Dear colleagues and students
I am writing to update you again on existing processes as well as the additional steps we have taken in terms of our response to sexual and gender-based violence.
The events of the past week had a profound impact on all in our community, especially survivors of sexual and gender-based violence. I am pleased that the Office for Inclusivity and Change (OIC) has reached out to known survivors in their care.
We have unfortunately not yet been able to reach everyone, so we urge survivors – whether they are members of staff or students – to contact the OIC should they need support at 021 650 3530.
As indicated on Friday, an ad hoc special tribunal has been established to expedite sexual and gender-based violence cases, and it started with sessions today. We urge survivors to use the online reporting tool to report cases in the next two weeks so as to expedite these cases through the ad hoc special tribunal. We must deal with the perpetrators! We know that survivors can report at any time, but we need to ensure that complaints are managed expeditiously through formal processes.
Although survivors are encouraged to access OIC services directly to ensure easier and better communication, they may also access these services through a trusted person. Enough is enough, and the time for talk is over. Dealing with alleged perpetrators must now be a priority. In order to make the process possible, we need survivors, or their trusted peers, to please report incidents via the online reporting tool or email the OIC directly and they will contact the survivor.
The OIC should be the first port of call, but in addition to the available OIC support, four academic staff members in the Faculty of Law are available to provide assistance in the process of utilising the online reporting tool. They are available by arrangement with their respective offices. They are Dr Fatima Kahn, Professor Pamela Schwikkard, Ms Yellavarne Moodley and Professor Dee Smythe.
It is important to note that UCT is committed to following due process to conclusion when a charge of sexual or gender-based violence is brought forward by a student or a staff member. In several cases UCT has dismissed students or staff members who have been found guilty of sexual or gender-based violence. The processes outlined above, which have now been implemented, will also help us deal with matters more speedily.
We understand the tremendous strength it takes to share these experiences, so once a survivor has contacted the OIC, they are personally supported and receive individual contact and correspondence throughout the process.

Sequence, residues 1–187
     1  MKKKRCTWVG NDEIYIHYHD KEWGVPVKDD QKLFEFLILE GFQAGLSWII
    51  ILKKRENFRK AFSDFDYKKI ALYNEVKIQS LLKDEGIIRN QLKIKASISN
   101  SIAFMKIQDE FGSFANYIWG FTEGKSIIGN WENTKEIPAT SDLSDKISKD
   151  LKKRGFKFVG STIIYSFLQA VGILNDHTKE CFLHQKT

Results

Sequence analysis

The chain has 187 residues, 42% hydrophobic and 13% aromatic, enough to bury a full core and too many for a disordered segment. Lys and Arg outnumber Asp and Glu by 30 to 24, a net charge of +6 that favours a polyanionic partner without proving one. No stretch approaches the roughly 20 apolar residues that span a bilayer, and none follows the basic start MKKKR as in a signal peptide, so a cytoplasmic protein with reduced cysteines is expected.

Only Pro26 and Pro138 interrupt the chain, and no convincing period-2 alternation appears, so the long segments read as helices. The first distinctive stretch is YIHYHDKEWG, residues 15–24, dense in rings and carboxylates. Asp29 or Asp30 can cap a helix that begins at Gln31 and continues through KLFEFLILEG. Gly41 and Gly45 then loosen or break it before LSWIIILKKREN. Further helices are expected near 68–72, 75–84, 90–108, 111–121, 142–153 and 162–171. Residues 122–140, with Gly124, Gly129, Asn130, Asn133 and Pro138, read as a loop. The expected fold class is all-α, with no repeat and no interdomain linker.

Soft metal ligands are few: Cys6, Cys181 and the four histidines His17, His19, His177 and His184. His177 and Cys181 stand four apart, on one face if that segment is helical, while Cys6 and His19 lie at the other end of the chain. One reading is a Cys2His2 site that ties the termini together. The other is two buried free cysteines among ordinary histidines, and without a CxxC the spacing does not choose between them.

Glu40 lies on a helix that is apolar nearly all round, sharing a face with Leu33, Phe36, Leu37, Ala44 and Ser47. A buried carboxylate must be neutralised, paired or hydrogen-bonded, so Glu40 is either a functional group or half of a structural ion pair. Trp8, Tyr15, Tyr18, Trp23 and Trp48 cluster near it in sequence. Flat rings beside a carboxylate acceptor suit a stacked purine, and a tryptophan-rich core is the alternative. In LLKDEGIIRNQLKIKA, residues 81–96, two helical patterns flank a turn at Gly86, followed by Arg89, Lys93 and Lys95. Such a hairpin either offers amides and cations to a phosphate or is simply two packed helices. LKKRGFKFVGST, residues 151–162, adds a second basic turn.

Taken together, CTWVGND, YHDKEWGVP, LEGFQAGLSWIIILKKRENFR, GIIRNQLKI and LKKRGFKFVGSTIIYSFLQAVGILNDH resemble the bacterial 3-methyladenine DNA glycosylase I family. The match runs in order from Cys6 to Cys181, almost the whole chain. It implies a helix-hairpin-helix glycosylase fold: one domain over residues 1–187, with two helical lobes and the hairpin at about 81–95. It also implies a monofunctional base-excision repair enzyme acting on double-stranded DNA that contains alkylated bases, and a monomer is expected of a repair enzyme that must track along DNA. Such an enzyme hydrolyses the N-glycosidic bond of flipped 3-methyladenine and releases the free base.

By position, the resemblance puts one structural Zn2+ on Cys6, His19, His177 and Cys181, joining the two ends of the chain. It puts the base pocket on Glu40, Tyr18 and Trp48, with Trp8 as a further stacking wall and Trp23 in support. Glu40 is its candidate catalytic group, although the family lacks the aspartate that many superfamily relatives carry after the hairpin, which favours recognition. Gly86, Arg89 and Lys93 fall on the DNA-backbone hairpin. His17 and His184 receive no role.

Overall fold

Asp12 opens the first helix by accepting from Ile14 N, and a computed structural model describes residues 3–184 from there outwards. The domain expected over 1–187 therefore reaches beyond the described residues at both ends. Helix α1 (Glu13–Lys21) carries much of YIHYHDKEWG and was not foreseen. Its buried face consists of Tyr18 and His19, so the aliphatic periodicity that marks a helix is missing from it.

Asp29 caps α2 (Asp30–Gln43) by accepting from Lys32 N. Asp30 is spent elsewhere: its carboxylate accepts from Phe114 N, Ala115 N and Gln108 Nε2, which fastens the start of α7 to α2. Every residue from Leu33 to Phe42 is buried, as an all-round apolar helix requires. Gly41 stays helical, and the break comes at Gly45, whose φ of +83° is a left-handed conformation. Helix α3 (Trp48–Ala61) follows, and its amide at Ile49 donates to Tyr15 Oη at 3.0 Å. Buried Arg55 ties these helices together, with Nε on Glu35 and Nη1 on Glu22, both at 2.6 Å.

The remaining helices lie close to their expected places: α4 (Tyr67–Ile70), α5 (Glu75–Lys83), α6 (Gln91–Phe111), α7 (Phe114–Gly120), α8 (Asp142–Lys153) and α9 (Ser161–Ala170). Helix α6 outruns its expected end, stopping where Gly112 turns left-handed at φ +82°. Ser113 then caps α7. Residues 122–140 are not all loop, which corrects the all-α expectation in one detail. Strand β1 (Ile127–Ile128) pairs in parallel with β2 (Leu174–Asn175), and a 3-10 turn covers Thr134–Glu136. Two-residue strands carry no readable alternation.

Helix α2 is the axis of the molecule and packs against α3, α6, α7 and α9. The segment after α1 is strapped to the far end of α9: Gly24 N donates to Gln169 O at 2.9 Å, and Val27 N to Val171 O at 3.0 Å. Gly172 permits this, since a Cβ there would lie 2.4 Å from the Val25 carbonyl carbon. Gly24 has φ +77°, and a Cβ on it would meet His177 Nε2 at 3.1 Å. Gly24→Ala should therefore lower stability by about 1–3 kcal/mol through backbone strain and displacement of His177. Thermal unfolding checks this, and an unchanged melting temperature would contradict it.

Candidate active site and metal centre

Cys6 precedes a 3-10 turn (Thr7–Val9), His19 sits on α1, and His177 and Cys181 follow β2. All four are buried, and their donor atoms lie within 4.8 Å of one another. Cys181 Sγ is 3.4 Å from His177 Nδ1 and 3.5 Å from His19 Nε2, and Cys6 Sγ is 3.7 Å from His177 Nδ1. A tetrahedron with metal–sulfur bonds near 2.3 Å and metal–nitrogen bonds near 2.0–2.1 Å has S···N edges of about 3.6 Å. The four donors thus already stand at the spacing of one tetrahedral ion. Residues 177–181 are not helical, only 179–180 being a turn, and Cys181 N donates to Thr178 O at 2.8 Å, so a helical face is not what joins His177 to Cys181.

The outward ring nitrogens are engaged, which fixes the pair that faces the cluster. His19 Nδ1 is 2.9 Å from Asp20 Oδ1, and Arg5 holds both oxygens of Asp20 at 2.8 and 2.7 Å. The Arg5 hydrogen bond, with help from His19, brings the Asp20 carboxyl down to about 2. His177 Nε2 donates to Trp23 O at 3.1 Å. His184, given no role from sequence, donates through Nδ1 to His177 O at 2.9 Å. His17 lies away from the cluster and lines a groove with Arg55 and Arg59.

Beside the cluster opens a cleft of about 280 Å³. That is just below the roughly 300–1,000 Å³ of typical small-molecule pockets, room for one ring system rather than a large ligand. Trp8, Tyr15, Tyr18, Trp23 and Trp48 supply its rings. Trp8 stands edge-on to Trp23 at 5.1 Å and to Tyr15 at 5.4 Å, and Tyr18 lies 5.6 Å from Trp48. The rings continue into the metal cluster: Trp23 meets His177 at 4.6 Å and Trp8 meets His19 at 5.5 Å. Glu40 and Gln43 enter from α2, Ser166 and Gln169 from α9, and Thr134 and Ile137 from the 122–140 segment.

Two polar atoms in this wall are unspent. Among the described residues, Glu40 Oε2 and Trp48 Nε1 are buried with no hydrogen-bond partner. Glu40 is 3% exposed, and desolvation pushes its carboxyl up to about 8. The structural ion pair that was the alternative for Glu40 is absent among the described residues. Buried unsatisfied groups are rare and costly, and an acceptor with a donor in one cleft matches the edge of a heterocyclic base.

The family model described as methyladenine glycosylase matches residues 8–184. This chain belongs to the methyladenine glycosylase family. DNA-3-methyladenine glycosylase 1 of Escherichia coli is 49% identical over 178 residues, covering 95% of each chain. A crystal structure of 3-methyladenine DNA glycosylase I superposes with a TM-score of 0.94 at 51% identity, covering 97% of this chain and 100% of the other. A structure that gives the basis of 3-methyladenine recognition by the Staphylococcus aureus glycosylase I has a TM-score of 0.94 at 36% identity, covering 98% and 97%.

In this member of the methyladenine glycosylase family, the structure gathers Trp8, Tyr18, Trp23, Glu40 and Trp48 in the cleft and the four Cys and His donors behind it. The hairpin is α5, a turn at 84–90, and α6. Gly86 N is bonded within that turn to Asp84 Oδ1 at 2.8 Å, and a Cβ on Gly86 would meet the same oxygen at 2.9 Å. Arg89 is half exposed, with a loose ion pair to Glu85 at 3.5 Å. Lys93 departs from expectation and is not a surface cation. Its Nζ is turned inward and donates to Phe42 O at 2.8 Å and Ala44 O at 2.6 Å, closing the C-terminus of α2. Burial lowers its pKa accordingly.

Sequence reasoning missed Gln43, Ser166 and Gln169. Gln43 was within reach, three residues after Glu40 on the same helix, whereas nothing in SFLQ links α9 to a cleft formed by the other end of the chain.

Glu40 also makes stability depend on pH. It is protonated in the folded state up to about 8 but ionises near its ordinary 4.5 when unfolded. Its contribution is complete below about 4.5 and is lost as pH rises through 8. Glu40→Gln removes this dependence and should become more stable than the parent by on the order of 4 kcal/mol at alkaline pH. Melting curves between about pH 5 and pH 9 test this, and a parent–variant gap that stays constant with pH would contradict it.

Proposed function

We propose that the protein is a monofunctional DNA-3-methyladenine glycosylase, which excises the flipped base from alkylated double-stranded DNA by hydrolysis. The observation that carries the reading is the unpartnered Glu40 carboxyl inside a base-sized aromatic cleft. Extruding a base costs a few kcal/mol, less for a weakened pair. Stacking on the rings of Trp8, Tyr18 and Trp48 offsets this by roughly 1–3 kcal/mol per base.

The following services are available to students and staff at UCT:
Sexual and gender-based violence leads to trauma and can have psychological, behavioural and physical consequences that may make the survivor unable to work or study – this support is offered so that the survivor is able to continue and conclude their academic studies.
The African Gender Institute (AGI) is also creating an Open Space all week for solidarity and ‘holding’. The institute will be open from 12:00 to 17:00 every day in the Centre for African Studies Gallery. The AGI will offer support, refreshments, quiet and/or talking/listening, and other options, especially to anyone remembering their own stories of abuse or the abuse of friends and loved ones. All are welcome.
My commitment is absolute. Sexual and gender-based violence has no place at UCT. The time has come to deal with this decisively.
Professor Mamokgethi Phakeng
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The University of Cape Town mourns the tragic death of our student Uyinene Mrwetyana, fondly known as Nene. The fact that a young female student has died in this horrific manner is devastating, and it has shocked us to our core. It is incomprehensible that a young life, with so much potential, has been stolen from her family and our community. It is even more distressing that this horrible incident is one of many where women – young and old, and even girls – are ripped from our communities in such a violent manner.